Rehabilitation Support System Using Multimodal Interface Device for Aphasia Patients

  • Takuya Mabuchi
  • Joji Sato
  • Takahiro Takeda
  • Naoyuki Kubota
Conference paper
Part of the Lecture Notes in Computer Science book series (LNCS, volume 9835)


In this research, develops a novel system using Multimodal Interface Device for supporting the rehabilitation of aphasia. The system supports diagnosis by conducting statistical analysis of the diagnostic result. So, it’s necessary to share a check result by uploading large-volume data in a data server. It is possible to simply perform comparison between data sets and upload patient’s data into a database based on previous statistics.


Aphasia Higher brain function disorder Computational system rehabilitation Rehabilitation support system 


  1. 1.
    Rehabilitation following acquired brain injury, Royal College of Physicians, 23 July.
  2. 2.
    Johansson, M.B.: Aphasia and Communication in Everyday Life: Experiences of persons with aphasia, significant others, and speech-language pathologists. Doctoral thesis of Uppsala University (2012)Google Scholar
  3. 3.
    Obo, T., Kusaka, J., Kubota, N., Nitta, O., Matsuda, T.: Informationally structured space for computational system rehabilitation. In: Proceedings of 2014 IEEE International Conference on System, Man, and Cybernetics (2014)Google Scholar
  4. 4.
    Japan Society for Higher Brain Dysfunction: Standard Language Test of Aphasia Manual, 2nd edn. 6th impression. Shinko Medical Publisher (2013)Google Scholar
  5. 5.
    Kubota, N., Sotobayashi, H., Obo, T.: Human interaction and behavior understanding based on sensor network with iPhone for rehabilitation. In: Proceedings of the International Workshop on Advanced Computational Intelligence and Intelligent Informatics (2009)Google Scholar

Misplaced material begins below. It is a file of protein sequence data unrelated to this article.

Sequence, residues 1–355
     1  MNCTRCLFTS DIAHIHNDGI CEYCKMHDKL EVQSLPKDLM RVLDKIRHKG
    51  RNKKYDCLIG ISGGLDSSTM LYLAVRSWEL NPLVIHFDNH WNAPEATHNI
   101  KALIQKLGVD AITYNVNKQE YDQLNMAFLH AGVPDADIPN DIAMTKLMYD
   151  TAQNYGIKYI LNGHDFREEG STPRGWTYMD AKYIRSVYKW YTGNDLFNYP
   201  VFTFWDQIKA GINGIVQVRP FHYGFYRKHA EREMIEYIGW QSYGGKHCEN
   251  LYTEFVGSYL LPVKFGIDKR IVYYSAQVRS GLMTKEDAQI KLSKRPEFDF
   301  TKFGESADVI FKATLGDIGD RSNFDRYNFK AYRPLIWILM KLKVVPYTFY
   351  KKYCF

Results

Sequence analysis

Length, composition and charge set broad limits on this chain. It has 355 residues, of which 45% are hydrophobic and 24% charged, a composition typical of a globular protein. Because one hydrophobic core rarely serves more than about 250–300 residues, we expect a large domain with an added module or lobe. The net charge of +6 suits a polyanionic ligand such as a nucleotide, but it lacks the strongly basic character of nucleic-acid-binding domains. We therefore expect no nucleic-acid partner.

6. 6.
    Kubota, N., Yorita, A.: Topological environment reconstruction in informationally structured space for pocket robot partners. In: Proceedings of the 2009 IEEE International Symposium on Computational Intelligence in Robotics and Automation (CIRA 2009), Daejeon, Korea, pp. 165–170 (2009)Google Scholar
  7. 7.
    Kubota, N., Botzheim, J., Obo, T.: Human motion tracking and feature extraction for cognitive rehabilitation in informationally structured space. In: Proceedings of the 9th France-Japan and 7th Europe-Asia Congress on Mechatronics and the 13th International Workshop on Research and Education in Mechatronics (REM), Paris, France, pp. 464–471 (2012)Google Scholar
  8. 8.
    Botzheim, J., Obo, T., Kubota, N.: Human gesture recognition for robot partners by spiking neural network and classification learning. In: Proceedings of Joint 6th International Conference on Soft Computing and Intelligent Systems and 13th International Symposium on Advanced Intelligent Systems (SCIS & ISIS 2012), Kobe, Japan, pp. 1954–1958 (2012)Google Scholar
  9. 9.
    Hiwada, E., Aoki, O., Kubota, N.: Appearance and motion pattern generator of balls in a support system for diagnosis of unilateral spatial neglect. In: Proceedings of the 21st Fuzzy, Artificial Intelligence, Neural Networks and Computational Intelligence, pp. 47–50 (2011) (in Japanese)Google Scholar
  10. 10.
    Browndyke, J.N.: Aphasia Assessment. Neuropsychology Central, pp. 1–7 (2002)Google Scholar
  11. 11.
    Lezak, M.: Neuropsychological Assessment. Oxford University, New York (2012)Google Scholar
  12. 12.
    Mazec, MetaMoji Corporation.

Copyright information

© Springer International Publishing Switzerland 2016

Authors and Affiliations

  • Takuya Mabuchi
    • 1
  • Joji Sato
    • 1
  • Takahiro Takeda
    • 1
  • Naoyuki Kubota
    • 1
  1. 1.Graduate School of System DesignTokyo Metropolitan UniversityHinoJapan

Personalised recommendations